Rodolfo
 
forr said:
Ingrast
---large amounts of negative feedback applied to a questionable basic amplifier, unavoidably leads to a compound forest of multiple low level IM products---

This seems to be in disagreement with the Baxandall papers on amplifier design.


I am not aware of the papers you mention, but it has been widely shown and can be easily simulated, that significant nonlinearities in the forward path, give rise iteratively under close loop conditions to large amounts of low level spurious components. Some people use to refer to a "veil" probably in connect¡on with this.

This nonwithstanding, it is obvious that if spurious products are really low, i.e. below 100 dB or better dynamic range, chances are they will neither be of consequence.
If a sufficiently high open loop gain can be attained within practical stability constraints to achieve this level of performance, then the native nonlinearities can be considered to be adequately tamed, and may be this is what your mentioned papers made reference to.

Rodolfo
 
A further consideration is that large amounts of negative feedback applied to a questionable basic amplifier, unavoidably leads to a compound forest of multiple low level IM products, the type of syndrome frequently attributed to amplifiers that measure very well in single tone tests yet perform very bad at auditioning as compared with other designs of inferior measured performance. This is particularly true with the first solid state designs of 20-30 years back.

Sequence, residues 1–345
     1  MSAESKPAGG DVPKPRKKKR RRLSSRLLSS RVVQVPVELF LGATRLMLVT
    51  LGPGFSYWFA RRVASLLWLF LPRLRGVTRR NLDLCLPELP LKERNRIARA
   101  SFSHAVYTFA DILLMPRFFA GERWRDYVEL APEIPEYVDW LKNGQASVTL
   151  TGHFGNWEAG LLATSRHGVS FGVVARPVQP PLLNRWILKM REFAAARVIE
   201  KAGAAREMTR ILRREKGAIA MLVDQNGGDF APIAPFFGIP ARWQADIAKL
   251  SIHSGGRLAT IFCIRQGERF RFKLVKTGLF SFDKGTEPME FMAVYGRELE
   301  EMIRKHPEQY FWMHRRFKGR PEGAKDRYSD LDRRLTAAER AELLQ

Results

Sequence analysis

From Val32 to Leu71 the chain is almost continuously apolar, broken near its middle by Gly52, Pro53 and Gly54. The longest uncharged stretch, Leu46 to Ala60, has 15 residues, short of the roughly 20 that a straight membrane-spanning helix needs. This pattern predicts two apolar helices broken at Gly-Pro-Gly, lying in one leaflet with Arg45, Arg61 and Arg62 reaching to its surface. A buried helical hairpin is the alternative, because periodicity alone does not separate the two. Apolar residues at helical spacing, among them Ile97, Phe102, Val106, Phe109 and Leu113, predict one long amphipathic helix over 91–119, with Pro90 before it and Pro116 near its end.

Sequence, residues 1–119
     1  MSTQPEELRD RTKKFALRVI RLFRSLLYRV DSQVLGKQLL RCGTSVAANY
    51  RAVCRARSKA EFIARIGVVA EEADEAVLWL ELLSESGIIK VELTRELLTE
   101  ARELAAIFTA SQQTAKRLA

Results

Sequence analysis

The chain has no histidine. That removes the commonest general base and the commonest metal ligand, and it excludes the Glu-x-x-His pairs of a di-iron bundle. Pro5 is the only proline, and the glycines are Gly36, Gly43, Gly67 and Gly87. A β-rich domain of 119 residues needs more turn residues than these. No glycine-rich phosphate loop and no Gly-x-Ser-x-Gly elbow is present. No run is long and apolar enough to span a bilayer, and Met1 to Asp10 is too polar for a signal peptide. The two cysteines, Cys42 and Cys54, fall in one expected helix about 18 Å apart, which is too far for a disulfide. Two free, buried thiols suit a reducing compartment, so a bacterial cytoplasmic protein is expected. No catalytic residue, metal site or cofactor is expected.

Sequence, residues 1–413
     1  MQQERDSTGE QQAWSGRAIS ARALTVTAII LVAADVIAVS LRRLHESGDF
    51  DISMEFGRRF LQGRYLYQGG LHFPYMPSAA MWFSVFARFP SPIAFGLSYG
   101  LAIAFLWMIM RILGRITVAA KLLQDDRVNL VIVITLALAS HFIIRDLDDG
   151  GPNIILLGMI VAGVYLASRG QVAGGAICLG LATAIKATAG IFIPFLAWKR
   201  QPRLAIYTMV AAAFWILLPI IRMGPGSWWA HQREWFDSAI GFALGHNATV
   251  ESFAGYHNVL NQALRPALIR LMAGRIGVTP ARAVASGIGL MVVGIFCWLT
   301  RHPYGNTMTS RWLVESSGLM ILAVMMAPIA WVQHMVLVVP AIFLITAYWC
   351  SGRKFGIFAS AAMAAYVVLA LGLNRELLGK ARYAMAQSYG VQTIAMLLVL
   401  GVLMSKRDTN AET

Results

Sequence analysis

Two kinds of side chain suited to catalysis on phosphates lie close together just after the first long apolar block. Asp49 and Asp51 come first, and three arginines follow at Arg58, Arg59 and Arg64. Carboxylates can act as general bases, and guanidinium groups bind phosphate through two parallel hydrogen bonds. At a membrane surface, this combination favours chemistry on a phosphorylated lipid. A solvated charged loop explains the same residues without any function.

This is very likely if this high global feedback poweramp is made with bad output stage. The problematic section is output stage, but the troubleshooting is made in differential pair+VAS, building huge OL gain in these front stage. It's like a car having problem in the tyres, but you keep fixing the steering wheel. Not shooting the real problem.
Better to have good output stage first (like using classA or using EC) and then using suitable gain front stage than building bad output stage with enormous front end gain.
 
Bob Cordell said:



... in some misguided designs, people load the VAS in order to get wide open-loop bandwidth, and in so doing make the VAS work harder, actually resulting in more open loop nonlinearity. It is generally a misconception when people think that one somehow has to strain to get open loop gain; it is not hard to get with great linearity.

High open loop bandwidth often means also well-defined open loop bandwidth and well-defined pole frequencies, which is helpful in reducing dynamic distortion mechanisms, PIM included.

About VAS loading:
D. Self uses darlington output stage, so output stage input impedance is probably around 50k-100kOhm with 8ohm load and good Hfe trasistors. This impedance is as we all know terribly non-linear with reflecting crossover mechanisms, capacitive and modulated by speaker impedance, right?
Now I use tripple darlington output stage based on high Hfe transistors (2n5401/2n5551, 2sa1837/2sc4793, 2sa1943/2sc5200), so input impedance of output stage is around 10Mohm probably with all those nonlinear mechanisms, but is paralleled with 67kohm most linear electrical device around.
Which one would you prefer, input impedance being of comparable value?

regards
Adam
 
darkfenriz said:


High open loop bandwidth often means also well-defined open loop bandwidth and well-defined pole frequencies, which is helpful in reducing dynamic distortion mechanisms, PIM included.

About VAS loading:
D. Self uses darlington output stage, so output stage input impedance is probably around 50k-100kOhm with 8ohm load and good Hfe trasistors. This impedance is as we all know terribly non-linear with reflecting crossover mechanisms, capacitive and modulated by speaker impedance, right?
Now I use tripple darlington output stage based on high Hfe transistors (2n5401/2n5551, 2sa1837/2sc4793, 2sa1943/2sc5200), so input impedance of output stage is around 10Mohm probably with all those nonlinear mechanisms, but is paralleled with 67kohm most linear electrical device around.
Which one would you prefer, input impedance being of comparable value?

regards
Adam